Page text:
Those who admire young Mormons who commit to two-year missions ought to be awed by Chabad shluchim (emissaries), young married couples barely in their 20s who are sent to far-flung places to build Jewish communities and serve the needs of Jewish travelers—not for two years but for their entire lives, raising their children abroad. As pre-eminent Israeli Torah scholar Adin Steinsaltz details in “My Rebbe,” this practice began with the fifth rebbe at the turn of the 20th century, who sent shluchim to outlying regions of the Russian empire. But Schneerson vastly expanded the program. Shluchim are recruited for their intelligence and ingenuity, serve voluntarily, receive no salary (they must raise funds to support themselves), and devote their lives to bringing Judaism to places where resources like kosher food or synagogues are often nonexistent.
The Rebbe insisted on maintaining shluchim in challenging circumstances. In “Rebbe,” American rabbi and author Joseph Telushkin describes a 1982 incident where the Israeli government planned to evacuate the Tunisian Jewish community after the Palestine Liberation Organization established a headquarters in Tunis. The Rebbe, citing his own intelligence sources, insisted the threat wasn’t credible. The Israelis backed down, and Chabad, along with the city’s native Jewish community, remains in Tunis today. Such persistence isn’t without risk: In 2008, shluchim in Mumbai were targeted, tortured and murdered during citywide terrorist attacks, an incident that goes unmentioned in these books. It is worth noting that this atrocity did not lead to any pullback—8,000 shluchimcurrent
Both of these biographies depict the Rebbe’s management style. One of the Rebbe’s principles, for instance, was his religiously motivated insistence on never waiting to get things done. As Mr. Telushkin recounts, in 1978 a Jewish chaplain for South African prisons visited the Rebbe and lamented that Jewish prisoners, many of whom were dissidents, had permission to observe Passover but not Hanukkah. The Rebbe suggested that the chaplain approach the director of prisons. When the chaplain noted that Hanukkah would begin the following evening, the Rebbe told him to call the director at home, even though it was after midnight in Johannesburg, so that “he would be impressed by the matter’s urgency.” The director was indeed impressed, and prisoners received Hanukkah candles the following night.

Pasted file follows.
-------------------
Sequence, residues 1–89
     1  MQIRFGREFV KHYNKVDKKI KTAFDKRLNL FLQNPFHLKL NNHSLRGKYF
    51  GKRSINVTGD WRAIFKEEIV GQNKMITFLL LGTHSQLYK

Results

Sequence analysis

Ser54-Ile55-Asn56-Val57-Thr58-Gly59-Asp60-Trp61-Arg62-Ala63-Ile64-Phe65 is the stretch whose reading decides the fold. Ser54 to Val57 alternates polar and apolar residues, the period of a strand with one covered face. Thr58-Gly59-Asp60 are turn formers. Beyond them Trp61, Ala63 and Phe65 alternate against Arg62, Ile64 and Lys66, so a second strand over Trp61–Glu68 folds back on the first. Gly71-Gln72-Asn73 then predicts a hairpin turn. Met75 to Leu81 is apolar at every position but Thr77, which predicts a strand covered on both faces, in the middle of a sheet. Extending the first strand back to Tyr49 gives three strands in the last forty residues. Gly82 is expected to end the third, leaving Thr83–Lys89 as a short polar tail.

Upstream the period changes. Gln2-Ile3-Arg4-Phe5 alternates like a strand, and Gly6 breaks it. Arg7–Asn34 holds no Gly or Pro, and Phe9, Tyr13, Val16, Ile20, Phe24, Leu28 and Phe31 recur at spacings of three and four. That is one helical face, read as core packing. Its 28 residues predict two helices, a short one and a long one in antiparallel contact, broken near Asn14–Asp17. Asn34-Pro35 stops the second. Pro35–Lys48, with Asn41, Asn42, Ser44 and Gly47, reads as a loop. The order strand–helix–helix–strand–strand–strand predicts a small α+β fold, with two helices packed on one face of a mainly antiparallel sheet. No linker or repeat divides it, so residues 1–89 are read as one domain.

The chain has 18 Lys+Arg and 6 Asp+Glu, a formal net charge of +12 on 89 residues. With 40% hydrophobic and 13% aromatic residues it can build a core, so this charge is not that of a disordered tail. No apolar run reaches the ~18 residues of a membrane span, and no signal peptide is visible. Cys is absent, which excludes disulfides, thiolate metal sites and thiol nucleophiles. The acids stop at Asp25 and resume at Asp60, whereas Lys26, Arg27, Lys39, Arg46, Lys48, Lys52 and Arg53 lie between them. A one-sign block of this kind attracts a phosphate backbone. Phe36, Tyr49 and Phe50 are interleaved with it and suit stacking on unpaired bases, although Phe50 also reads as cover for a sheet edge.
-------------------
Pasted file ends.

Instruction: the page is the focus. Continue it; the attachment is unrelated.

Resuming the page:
The Rebbe also held private meetings all through the night and often until dawn. Petitioners from students to senators felt the urgency of the hour as they arrived for appointments at, say, 2 a.m. Mr. Steinsaltz vividly describes the profound, almost supernatural attention that people felt they received during these encounters. “Many people who stood in the Rebbe’s presence came away feeling that they had been branded, as a being that is marked by fire and set aside; so it was with me,” he writes.
Spreading himself too thin was never the Rebbe’s concern; he responded to those who complained of being overwhelmed with “I’m also tired. So what?” The Rebbe slept no more than a few hours nightly and ate only dark chocolate while at work, which was nearly always. During the day he prayed, often at his father-in-law’s grave, prepared religious discourses (later collected in over 200 volumes), edited Chabad publications, and handled correspondence from around the world. He and his wife were childless, which greatly pained them, but they had daily tea together. According to Mr. Steinsaltz, the Rebbe once remarked that this ritual was “as important to him as putting on tefillin.” Despite running a global organization, he rarely left Crown Heights.